Why I Wish Early Onset Scoliosis Used Any Other Word Other Than “Scoliosis” In Its Name

As soon as someone outside of my new Early Onset Scoliosis Support Family learns my daughter has EOS, they almost always tell me how they know someone with scoliosis. Which isn’t surprising, one in forty people have some form of scoliosis. The key words there are some form.

Most people don’t understand how vastly different Early Onset is from scoliosis that develops in adolescents (the most common form) and adults. Heck I didn’t at first either; the first place I went when we got the diagnosis was The Scoliosis Research Society of the US; which in my opinion is an extremely disappointing organization. The majority of the information they have on EOS is INACCURATE or very outdated. It took me awhile to learn that because why would anyone question an organization that large and with that much authority? It’s an embarrassment and is a huge disservice to patients with EOS and their families looking for information. Much of the information they have on Congenital Scoliosis is also outdated and inaccurate.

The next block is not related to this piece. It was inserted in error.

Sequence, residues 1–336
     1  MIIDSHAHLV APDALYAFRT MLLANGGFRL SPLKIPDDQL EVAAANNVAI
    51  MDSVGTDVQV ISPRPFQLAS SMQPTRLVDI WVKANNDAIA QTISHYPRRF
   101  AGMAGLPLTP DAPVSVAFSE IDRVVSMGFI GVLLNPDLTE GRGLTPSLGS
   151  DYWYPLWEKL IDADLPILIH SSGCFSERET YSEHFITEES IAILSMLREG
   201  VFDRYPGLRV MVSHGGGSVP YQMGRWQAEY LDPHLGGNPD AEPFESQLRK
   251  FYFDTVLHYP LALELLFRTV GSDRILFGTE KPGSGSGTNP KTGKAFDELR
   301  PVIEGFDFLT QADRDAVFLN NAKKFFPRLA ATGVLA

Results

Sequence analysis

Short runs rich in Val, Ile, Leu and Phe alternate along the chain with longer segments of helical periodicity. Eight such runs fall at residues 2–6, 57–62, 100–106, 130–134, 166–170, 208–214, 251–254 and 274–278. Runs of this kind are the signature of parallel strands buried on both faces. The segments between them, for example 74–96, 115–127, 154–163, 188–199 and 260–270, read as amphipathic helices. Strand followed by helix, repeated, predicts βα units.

But I digress… Why is early onset scoliosis so different from the other forms (and I’m not even getting into where Congenital Scoliosis fits in all of this)? To put it simply…it’s the most difficult orthopedic condition to treat in children. It’s also has the potential to be fatal.  When a curvature over 20 degrees develops in the spine of an infant that is naturally growing at rapid speeds it going to get worse and can impact heart and lung development. Surgery at such a young age will also negatively impact the overall growth of the spine and child not to mention heart and lung development. These things generally cannot be said to the same degree when speaking of scoliosis in adolescents and adults.

The seriousness and vast difference is in part why I wish EOS had some other name. Because everyone knows someone with scoliosis, again, it occurs in one in forty people, and the large numbers of those are living with mild forms and are able to manage their scoliosis and that’s what people often associate scoliosis with.

I’m just a mom who is trying to take this diagnosis we were handed and find ways to educate the world, help others along their journey with this diagnosis, and ultimately make a difference. Knowledge is power. Now if only the Scoliosis Research Society could get on board too.